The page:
Over 25 percent of the world’s population lives without access to electricity from a utility-supplied grid . In under-developed and developing countries, the reason is primarily a lack of government-sponsored utility infrastructure due to the high cost of power line extension. In developed countries, power line extension costs are again the primary factor in lack of a grid connection, as in most cases the end user must foot the bill for such improvements. In the United States, power line extension can cost over $50,000 per kilometer , so the cost of an off-grid electrical system that uses renewable sources to charge a large battery bank for energy storage can compare favorably to that of grid extension—but not always.
However, both the design and implementation of such off-grid renewable energy systems differ greatly from more common grid-tied applications, where the utility grid is used as “battery” with which the system can buy and sell electrical energy from and to the utility as needed. Energy efficiency and conservation are paramount in all off-grid renewable energy system designs, as these measures extend at low cost the hours or days of autonomous operation time before a backup power source (usually an internal-combustion generator) must be used for battery charging during periods of no input from renewable solar, wind, or hydroelectric sources.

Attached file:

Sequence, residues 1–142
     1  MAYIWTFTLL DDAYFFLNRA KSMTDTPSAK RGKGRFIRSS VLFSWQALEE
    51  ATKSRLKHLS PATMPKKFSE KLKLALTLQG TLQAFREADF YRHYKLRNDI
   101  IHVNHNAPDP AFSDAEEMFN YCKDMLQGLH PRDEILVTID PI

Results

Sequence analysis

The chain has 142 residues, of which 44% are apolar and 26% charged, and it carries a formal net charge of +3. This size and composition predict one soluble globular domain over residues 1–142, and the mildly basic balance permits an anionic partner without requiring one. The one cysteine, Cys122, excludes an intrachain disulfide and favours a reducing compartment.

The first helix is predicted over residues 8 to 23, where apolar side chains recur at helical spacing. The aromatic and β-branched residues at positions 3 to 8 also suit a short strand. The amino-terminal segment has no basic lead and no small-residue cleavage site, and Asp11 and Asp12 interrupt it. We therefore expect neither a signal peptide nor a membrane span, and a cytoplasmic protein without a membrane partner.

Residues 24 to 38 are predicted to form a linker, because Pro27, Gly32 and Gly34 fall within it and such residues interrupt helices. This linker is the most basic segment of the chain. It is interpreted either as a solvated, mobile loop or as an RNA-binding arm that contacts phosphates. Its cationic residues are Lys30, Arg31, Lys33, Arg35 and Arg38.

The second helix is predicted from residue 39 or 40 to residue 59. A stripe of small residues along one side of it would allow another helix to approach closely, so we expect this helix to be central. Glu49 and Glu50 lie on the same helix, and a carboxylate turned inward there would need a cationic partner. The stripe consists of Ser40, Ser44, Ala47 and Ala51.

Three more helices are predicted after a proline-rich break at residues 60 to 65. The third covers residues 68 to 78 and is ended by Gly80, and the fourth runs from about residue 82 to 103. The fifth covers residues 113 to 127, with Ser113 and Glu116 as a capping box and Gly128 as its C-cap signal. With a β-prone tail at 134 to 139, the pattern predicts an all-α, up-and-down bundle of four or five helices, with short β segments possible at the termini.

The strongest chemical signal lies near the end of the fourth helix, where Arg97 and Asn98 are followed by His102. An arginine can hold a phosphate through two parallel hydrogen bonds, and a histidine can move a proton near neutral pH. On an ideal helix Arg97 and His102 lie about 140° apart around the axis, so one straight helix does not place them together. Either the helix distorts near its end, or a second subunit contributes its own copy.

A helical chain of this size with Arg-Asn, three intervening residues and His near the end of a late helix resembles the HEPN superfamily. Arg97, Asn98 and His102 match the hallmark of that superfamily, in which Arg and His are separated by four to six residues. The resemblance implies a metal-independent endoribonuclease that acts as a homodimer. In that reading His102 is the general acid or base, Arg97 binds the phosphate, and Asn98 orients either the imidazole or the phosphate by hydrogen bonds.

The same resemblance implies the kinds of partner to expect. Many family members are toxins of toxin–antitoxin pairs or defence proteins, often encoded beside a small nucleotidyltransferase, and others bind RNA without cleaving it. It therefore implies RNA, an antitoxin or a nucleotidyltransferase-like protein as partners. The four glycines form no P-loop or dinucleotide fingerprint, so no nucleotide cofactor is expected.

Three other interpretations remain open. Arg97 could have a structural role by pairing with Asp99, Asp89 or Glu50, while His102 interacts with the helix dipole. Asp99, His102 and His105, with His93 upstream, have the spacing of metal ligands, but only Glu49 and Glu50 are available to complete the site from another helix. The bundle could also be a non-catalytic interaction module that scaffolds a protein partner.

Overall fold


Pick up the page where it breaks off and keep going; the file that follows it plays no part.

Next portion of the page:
The techniques used in designing and operating an off-grid building can seem extreme compared to the norm, and provide a whole set of new challenges if the retrofitting of an existing structure is required. But the lessons learned from these experiences are quite relevant to modern buildings in urban and suburban areas, as the goal is the same—first reduce energy consumption through efficiency and conservation, rather than simply increasing energy production. With off-grid systems, the payback from these measures simply has a more immediate effect. And at the end of the day, non-electrical energy efficiency measures prove to be at least as effective as electrical ones.